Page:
My research covers a wide range of topics. The connections among the varied strands may not be clear to readers who come across just one or two books or articles. This page offers an overview of my work as a whole.

The links below connect to major theoretical themes and empirical focal points in my published work. Each briefly describes how I treat that theme or topic and offers a short list of illustrative publications. These lists contain pieces that have been anthologized or treated as classics, as well as pieces that represent my recent thinking.

  • Much of my work centers on the construction of public reason in contemporary democracies. What makes this work distinctive is that, in contrast to classical political theory, I analyze how practices of expert knowledge-making and background beliefs about science influence the modes of argument and persuasion that count as good justification for public policies and legal decisions.
  • Unlike much STS scholarship that focuses primarily on the construction of facts and artifacts, my work also explores the reception and uptake of scientific claims and technical constructs in the public sphere. A particular focus is on what I call civic epistemologies, that is, the stylized, culturally specific ways in which publics demand knowledge for governance to be produced, tested, and put to use.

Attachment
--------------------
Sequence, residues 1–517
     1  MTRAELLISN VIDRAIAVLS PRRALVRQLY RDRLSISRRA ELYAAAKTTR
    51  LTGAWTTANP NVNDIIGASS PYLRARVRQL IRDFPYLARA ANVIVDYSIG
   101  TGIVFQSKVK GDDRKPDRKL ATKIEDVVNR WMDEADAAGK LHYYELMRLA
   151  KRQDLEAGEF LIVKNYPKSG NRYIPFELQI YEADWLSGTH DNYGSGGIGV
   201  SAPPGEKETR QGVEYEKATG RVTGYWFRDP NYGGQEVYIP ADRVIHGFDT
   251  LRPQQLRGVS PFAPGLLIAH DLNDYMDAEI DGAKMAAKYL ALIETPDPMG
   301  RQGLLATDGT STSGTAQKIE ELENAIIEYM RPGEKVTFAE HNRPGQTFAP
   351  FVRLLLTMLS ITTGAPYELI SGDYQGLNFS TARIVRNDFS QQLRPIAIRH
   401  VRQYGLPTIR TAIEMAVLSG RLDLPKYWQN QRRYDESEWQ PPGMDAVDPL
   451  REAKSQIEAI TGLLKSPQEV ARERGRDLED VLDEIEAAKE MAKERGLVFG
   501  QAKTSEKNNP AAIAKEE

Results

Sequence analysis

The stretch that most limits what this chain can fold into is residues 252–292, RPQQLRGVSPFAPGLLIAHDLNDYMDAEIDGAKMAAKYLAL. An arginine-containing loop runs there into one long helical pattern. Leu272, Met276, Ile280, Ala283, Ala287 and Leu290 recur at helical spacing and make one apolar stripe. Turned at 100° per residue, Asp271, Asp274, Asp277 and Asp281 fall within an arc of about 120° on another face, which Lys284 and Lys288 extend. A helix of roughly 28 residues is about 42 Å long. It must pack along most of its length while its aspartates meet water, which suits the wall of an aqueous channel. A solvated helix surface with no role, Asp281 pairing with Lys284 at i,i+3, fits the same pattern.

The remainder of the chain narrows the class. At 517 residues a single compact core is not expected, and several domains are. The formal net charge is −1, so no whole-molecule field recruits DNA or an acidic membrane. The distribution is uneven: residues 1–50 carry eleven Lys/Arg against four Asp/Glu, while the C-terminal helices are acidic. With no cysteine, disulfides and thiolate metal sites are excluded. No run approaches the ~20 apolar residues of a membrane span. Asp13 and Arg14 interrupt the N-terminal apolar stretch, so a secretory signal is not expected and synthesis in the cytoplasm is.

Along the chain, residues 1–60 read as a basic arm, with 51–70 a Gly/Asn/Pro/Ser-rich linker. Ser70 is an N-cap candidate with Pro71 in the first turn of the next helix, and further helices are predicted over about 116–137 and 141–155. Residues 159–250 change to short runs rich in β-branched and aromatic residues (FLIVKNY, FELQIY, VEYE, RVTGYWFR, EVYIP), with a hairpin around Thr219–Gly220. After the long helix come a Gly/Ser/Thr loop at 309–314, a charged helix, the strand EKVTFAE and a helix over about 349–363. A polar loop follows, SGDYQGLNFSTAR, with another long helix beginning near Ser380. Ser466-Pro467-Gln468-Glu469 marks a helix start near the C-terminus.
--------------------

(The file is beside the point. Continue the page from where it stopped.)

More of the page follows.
• My theoretical work demonstrates the ongoing co-production of natural and social orders in modern societies, especially at the macro-scales of national and global science and technology policy (see also global governance). I show how the metaphysical project of getting the world right as an object of knowledge is inseparable from the social and political project getting the right world as a place of good order, norms, and governance.
  • Methodologically, my work is especially identified with comparative studies of scientific and political cultures. Though STS has done much to display the contingency of facts and claims, my comparative research demonstrates the surprising durability of modes of reasoning and routines of knowledge-making in political cultures.
  • In recent work, I explore the role of sociotechnical imaginaries in perpetuating collective understandings of the ends to be gained through science and technology.
  • The substantive areas that my work has helped illuminate include, most importantly, law, science, and technology; risk and regulation; expertise and science advice; biotechnology and bioethics; and global governance.